When the Energy Conservation Incentive Program (ECIP) was launched in 2013, it included financial awards that distributed some of the centrally managed campus utility funds back to the winning buildings. The calculation system was based on placement (first place to fourth place) in the awards program and the award category (occupant action or energy advancement).  You can see the calculation in the attached fact sheet from 2016, if you are interested.  With the Integrated and Value-Centered Budget (IVCB) reform, we transitioned this year, and we are closing out the initial phase one of the ECIP.


    Some of the original award funding has not yet been allocated to an associated facility improvement project.  If you have remaining funds and have not yet committed to a specific project, please do so as soon as possible.  All ECIP award funds must be committed by the end of this fiscal year, so please let us know your plans.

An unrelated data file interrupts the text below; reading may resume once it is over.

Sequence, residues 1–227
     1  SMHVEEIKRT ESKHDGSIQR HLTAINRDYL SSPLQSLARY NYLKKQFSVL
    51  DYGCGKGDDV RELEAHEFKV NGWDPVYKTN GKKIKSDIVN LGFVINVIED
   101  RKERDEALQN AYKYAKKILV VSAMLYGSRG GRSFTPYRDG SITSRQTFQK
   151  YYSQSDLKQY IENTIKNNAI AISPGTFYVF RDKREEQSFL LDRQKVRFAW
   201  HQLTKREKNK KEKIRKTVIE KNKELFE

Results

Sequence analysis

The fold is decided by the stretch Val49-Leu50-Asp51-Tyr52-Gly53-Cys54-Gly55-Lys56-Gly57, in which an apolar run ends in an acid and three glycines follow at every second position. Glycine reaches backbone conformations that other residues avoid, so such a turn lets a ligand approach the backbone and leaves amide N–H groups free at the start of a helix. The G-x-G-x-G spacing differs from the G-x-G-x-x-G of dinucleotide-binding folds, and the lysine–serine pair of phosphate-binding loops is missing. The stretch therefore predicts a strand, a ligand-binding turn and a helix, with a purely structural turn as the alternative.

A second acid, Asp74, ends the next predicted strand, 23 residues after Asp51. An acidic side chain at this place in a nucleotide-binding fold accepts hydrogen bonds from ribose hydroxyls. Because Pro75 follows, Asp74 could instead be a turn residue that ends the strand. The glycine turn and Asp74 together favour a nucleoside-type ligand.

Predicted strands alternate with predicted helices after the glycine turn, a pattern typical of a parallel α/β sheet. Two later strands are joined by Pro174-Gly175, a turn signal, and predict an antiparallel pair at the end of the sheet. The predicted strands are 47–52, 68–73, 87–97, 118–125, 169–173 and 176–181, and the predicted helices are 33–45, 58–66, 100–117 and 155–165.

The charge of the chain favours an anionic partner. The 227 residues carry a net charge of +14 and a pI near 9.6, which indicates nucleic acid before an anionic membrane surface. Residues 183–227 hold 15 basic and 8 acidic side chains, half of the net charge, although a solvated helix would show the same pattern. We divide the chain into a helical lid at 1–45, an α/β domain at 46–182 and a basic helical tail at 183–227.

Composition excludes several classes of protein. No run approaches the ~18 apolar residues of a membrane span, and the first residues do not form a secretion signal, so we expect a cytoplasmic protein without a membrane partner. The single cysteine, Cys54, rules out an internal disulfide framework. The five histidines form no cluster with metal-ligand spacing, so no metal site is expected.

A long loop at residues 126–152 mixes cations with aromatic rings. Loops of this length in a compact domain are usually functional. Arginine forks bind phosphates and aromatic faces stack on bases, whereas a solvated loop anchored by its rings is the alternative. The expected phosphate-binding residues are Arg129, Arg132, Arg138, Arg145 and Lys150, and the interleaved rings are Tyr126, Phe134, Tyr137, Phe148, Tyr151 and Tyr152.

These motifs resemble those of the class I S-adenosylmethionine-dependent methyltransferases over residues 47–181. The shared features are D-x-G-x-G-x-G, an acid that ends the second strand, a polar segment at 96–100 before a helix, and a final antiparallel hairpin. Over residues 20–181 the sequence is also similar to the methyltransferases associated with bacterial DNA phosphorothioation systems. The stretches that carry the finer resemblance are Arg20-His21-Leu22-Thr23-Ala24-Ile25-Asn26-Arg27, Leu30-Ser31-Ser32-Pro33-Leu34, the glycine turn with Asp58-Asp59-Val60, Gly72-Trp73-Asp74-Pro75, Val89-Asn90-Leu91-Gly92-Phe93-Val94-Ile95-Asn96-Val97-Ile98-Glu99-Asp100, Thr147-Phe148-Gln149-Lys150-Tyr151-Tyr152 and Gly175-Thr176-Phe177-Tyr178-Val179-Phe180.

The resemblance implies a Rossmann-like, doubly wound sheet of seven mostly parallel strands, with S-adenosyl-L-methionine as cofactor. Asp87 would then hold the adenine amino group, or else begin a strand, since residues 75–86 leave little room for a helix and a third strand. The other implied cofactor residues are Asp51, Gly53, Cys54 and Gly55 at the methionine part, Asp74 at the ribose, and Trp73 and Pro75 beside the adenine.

Now in phase two, the ECIP awards include a plaque and the associated prestige, and no additional monetary awards (see attached revised fact sheet).  Instead, your colleges will benefit directly from the energy savings.  Additionally, to increase the visibility of the great progress all of you have made, we are collaborating with the Illinois Solar Decathlon’s Concept Team (incoming freshmen, learning about building systems and sustainability).  They will be completing a simple Building-Level Energy Report card for the 50+ ECIP winners this fall.  In the spring, I will send those reports to you with an opportunity to connect with the Concept Team members.